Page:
Sloan, who spent last season in China, will make his return to the States during the 2017-18 campaign. The five-year NBA veteran last took the floor for the Nets, posting 7.0 points, 4.4 assists and 2.8 rebounds across 21.6 minutes per game while shooting 44.0 percent from the field and 38.4 percent from three. He should help provide some point guard depth behind starter John Wall, though may have to compete with Tim Frazier for reserve minutes.
McDaniels was somewhat of a forgotten commodity this summer as many teams' free agency dollars dried up, but he'll head to Toronto on what's in all likelihood a minimum deal. The former Clemson standout spent time with both Houston and Brooklyn lats season, appearing in 49 total games and averaging 4.2 points and 1.7 rebounds. The 24-year-old has shown flashes of promise as an athletic defender, but he struggles as a shooter and may face an uphill battle toward having his contract fully guaranteed by the Raptors.
McRae, who was waived by the Cavaliers in early March in order to make room for Andrew Bogut, failed to find an NBA suitor for his talents. McRae, who has spent two years in the NBA, averaged 4.4 points and 1.1 boards across 10.4 minutes per game in 37 appearances with Cleveland last season.
The only thing holding Stone back from officially signing a contract with Charlotte was the clearance he needed from FIBA, so it's only a matter of time before the 28-year-old puts pen to paper. He last played in the NBA with the Raptors back in 2014 and will likely find himself at the end of the Hornets' bench this coming season.
Cole opened the 2016-17 campaign playing in the Chinese Basketball Association, but following the completion of that season, he ended up joining the Thunder for the final month of their schedule. He took part in just 13 games, posting averages of 3.3 points and 1.1 assists across 9.6 minutes. Once again, Cole struggled to field interest during free agency this offseason and will now head to Maccabi Tel Aviv. That said, there's a chance he ends up coming back to the States following the completion of their season once again, so it wouldn't be surprising if he ultimately attempted to latch on with a contender in February.
Stone is currently awaiting FIBA clearance in order for the deal to become official, but it's expected to be two years at a minimum salary. Look for Stone to battle for spot during training camp, but there's not guarantee he makes the official regular-season roster when all is said and done. The 6-foot-6 wing last saw NBA action in the 2013-14 season with Toronto, but has since struggled to make a significant impact anywhere else and most recently was cut by the Pacers prior to this past season. If Stone does in fact make the team, he'll likely be stuck in a minor bench role and wouldn't be a fantasy contributor.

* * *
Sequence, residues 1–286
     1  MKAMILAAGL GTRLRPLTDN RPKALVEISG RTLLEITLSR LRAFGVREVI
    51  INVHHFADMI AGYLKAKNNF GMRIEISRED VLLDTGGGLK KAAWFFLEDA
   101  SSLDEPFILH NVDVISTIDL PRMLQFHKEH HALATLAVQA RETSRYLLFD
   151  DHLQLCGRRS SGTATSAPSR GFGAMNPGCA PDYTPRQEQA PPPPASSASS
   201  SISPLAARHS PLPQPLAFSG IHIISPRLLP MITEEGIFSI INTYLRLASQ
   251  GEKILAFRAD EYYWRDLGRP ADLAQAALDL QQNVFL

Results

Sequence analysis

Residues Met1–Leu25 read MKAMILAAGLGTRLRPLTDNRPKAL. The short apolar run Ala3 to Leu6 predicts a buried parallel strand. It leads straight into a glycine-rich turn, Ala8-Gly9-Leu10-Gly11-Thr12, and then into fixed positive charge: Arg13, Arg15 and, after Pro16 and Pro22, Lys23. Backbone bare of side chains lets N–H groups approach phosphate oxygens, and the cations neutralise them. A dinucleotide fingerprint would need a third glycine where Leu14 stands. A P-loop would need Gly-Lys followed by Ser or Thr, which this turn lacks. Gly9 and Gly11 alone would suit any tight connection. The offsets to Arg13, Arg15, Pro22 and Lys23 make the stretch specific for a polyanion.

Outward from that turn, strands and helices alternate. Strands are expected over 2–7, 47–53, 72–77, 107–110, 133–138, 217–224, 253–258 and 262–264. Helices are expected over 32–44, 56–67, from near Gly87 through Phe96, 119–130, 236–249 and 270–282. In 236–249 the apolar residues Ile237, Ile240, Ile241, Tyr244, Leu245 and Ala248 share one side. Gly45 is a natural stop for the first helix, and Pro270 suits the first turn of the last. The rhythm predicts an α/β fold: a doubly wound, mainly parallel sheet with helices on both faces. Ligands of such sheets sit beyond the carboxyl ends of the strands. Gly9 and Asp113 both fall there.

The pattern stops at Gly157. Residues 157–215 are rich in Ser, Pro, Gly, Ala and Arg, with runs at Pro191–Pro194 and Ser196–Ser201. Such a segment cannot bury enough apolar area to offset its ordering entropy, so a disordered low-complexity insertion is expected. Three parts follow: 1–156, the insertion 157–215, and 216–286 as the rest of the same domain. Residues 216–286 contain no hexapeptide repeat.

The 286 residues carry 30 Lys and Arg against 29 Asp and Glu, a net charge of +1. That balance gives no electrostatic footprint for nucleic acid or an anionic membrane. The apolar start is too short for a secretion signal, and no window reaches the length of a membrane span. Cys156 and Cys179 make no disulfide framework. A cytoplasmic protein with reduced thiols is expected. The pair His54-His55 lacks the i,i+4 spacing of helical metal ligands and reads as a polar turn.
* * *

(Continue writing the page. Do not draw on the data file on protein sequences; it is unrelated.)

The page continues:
The Celtics likely wouldn't have been able to find significant playing time for Bird in their stacked depth chart, so they've opted to send him to the G-League for the majority of the season instead. The 6-foot-6 shooting guard who spent four years at Cal will still be able to spend up to 45 days at the NBA level, however.
Wayns last saw an NBA court back in the 2013-14 season, when he appeared in two games with the Clippers before being waived. Since then, the 26-year-old has spent time both overseas and in the D-League working on his craft. During his most recent stint in the D-League back in 2014-15, he posted 11.1 points and 5.2 assists across 24.9 minutes per game while shooting 43.0 percent from the field and 26.5 percent from deep.
After spending his first two seasons with the Clippers, Wilcox played 22 games with the Magic during the 2016-17 campaign, averaging just 4.9 minutes per contest while outside the regular rotation. The Magic went on to cut him in April, but the Trail Blazers like his upside enough to bring him in on a two-way deal for the upcoming campaign. That means Wilcox will play primarily with the Blazers' G-League affiliate, while also having the ability to spend up to 45 days with Portland if needed. He'll be able to work closely with the organization, but Wilcox isn't going to be a fantasy relevant option.
Weber spent the majority of the 2016-17 campaign backing up starting Hornets point guard Kemba Walker after reserve guard Ramon Sessions went down with a knee injury. In 13 appearances with Charlotte, Weber posted 3.8 points, 1.7 boards and 1.2 assists across 12.2 minutes per game. The exact details of the contract haven't been released, though it seems safe to assume that the deal is largely a training camp invite and could end up with Weber joining the Lakers' G-League affiliate if he can't make the NBA squad.